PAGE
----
Having established a team dynamic that works and settling into our group, the practice rollovers began. This involved collectively coming to agreements on a variety of different decisions. Being a rather indecisive person myself, decision making can be a rather long process. I am someone that will ponder my decisions for a prolonged period of time and more often than not, end up at the same conclusion I initially had. In this team dynamic, I found that my peers attacked tasks with confidence. Having individuals around you that are strong decision makers, made me contemplate my own approach.
Working in a team dynamic requires diligent decision making. Therefore, there is little room for doubt or lack of confidence. I found that in order to be an effective follower, I had to be able to “… think for themselves and carry out their duties and assignments with energy and assertiveness.” (Kelley, 1988). This ties in with what Kelley (1998) discusses as the four qualities that most effective followers have; these being self-management, commitment, competence/focus and courage. A key area in which I lack is having courage in my decisions, thus holding me back from being an effective follower. In order to be an effective decision maker, I need to remember that “Risk is an inescapable part of every decision” (Buchanan & O’Connell, 2006). Therefore, I need to trust in the work that I have done and understand that reworking the same problem may not be the best solution. Furthermore, reminding myself that my peers are present and are able to provide support and double check areas of doubt, provides comfort.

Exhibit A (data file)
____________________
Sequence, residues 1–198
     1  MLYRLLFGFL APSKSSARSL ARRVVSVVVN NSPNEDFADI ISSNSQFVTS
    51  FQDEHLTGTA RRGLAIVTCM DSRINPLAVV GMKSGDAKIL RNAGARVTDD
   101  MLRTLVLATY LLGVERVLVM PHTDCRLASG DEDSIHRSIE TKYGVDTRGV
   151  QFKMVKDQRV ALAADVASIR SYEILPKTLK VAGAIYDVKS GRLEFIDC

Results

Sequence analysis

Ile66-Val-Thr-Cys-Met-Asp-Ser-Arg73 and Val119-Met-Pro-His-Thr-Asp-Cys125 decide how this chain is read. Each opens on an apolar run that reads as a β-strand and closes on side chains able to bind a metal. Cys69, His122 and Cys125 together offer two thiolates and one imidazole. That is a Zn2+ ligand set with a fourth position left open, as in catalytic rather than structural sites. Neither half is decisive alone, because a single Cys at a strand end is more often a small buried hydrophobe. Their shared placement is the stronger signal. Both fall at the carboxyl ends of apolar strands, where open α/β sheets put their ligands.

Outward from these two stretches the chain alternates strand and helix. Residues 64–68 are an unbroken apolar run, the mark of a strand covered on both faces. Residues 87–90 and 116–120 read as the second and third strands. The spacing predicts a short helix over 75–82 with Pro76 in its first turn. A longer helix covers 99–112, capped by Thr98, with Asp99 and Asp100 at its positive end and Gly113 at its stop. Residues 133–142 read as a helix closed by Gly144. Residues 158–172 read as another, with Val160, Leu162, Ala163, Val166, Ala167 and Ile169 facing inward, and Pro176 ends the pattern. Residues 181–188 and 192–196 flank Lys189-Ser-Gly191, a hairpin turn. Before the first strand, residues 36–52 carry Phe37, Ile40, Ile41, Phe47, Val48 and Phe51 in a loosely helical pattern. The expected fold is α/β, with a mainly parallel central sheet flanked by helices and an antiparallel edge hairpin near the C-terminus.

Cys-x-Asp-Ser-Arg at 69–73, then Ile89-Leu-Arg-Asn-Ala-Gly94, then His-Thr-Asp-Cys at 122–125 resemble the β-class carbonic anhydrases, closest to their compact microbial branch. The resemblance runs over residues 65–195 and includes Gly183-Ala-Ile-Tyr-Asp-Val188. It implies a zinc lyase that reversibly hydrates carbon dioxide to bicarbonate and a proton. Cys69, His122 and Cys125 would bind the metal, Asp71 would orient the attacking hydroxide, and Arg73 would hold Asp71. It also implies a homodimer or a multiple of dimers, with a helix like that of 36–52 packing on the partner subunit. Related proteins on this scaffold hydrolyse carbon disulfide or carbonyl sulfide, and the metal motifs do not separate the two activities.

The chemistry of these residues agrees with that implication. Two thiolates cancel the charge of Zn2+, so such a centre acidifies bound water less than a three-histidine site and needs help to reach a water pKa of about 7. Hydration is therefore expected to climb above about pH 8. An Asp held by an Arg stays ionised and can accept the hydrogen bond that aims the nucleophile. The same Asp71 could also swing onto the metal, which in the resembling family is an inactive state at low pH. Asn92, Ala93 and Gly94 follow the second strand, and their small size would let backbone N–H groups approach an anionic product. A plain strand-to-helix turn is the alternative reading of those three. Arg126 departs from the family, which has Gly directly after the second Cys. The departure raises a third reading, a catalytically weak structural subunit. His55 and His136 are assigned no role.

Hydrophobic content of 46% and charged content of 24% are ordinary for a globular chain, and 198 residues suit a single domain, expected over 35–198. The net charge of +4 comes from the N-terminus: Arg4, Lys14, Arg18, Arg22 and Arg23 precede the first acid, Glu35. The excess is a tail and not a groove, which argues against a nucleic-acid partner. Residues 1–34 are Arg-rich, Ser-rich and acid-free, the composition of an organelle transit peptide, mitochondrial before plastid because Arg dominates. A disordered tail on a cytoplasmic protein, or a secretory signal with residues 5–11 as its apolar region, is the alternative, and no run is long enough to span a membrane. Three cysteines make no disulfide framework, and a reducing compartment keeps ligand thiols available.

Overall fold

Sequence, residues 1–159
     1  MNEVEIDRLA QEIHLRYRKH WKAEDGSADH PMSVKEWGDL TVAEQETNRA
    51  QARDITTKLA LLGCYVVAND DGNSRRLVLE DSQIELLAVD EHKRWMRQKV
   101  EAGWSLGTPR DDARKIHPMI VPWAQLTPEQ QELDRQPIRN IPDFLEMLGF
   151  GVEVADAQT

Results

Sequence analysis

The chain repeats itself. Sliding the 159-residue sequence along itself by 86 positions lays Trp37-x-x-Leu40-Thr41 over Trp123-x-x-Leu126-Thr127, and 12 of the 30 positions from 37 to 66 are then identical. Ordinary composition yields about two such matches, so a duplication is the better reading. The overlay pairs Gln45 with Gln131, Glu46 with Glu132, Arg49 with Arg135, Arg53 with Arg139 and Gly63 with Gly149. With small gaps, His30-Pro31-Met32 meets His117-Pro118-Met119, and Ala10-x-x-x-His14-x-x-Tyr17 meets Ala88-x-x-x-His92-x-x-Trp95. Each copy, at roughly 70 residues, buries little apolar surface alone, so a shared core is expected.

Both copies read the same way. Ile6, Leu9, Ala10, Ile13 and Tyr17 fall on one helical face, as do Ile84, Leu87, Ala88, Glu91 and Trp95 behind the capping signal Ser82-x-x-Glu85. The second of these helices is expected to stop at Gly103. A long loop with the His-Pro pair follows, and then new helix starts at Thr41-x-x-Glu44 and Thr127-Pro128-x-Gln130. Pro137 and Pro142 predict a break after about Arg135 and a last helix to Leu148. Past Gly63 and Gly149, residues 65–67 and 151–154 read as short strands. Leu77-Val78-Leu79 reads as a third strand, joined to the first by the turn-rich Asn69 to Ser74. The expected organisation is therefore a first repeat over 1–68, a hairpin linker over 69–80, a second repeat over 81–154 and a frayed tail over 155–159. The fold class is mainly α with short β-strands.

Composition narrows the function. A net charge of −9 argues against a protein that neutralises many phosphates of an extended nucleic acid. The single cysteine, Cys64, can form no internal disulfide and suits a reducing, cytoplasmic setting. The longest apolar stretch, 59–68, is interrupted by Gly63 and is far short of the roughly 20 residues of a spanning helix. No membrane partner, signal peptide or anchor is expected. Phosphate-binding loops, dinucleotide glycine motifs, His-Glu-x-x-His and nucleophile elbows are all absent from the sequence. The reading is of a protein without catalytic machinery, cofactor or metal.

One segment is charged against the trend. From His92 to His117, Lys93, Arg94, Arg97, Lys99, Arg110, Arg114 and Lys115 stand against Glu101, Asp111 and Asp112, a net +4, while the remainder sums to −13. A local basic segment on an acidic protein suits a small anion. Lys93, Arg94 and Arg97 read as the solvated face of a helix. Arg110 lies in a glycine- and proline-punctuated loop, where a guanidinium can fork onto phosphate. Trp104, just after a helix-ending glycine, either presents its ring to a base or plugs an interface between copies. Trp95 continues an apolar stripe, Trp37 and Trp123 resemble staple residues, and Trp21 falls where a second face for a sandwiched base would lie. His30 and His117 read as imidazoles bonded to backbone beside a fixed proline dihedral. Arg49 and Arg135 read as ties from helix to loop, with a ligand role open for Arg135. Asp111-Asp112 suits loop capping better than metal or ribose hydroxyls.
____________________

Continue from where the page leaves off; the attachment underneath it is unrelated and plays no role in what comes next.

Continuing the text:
Ultimately when I choose to pursue a management role in my career, I know I would be required to make choices. Therefore, it is of importance that I continue working on being decisive and having confidence in my decisions. This is as in order to lead a team; I need to be able to handle demands and constraints that may limit my choices. As such, growing in my knowledge in this area allows me to build confidence in decisions regarding what to do and how to do it (Yukl, 2013). Therefore, this simulation and my team dynamic allow an opportunity for me to challenge myself.
Having progressed through Daudelin’s (1996) stages of reflection, I have found that I am better equipped to make decisions in the coming weeks. I am eager to continue pushing myself and building confidence in my decisions throughout the actual rollovers.
Buchanan, L., & O’Connell, A. (2006). A Brief History of Decision Making. Harvard Business Review, 84(1), 32–41. Retrieved from http://search.ebscohost.com.ezproxy.auckland.ac.nz/login.aspx?direct=true&db=buh&AN=19256537&site=ehost-live&scope=site
Daudelin, W. M. (1996). Learning from experience through reflection. Organizational Dynamics, 24(3)
Kelley, R. E. (1988). In Praise of Followers. Harvard Business Review, 66(6), 142–148. Retrieved from http://search.ebscohost.com.ezproxy.auckland.ac.nz/login.aspx?direct=true&db=buh&AN=8800029322&site=ehost-live&scope=site
Yukl, G. A. (2013). Nature of managerial work. In Leadership in organisations (8th ed., pp. 23-47).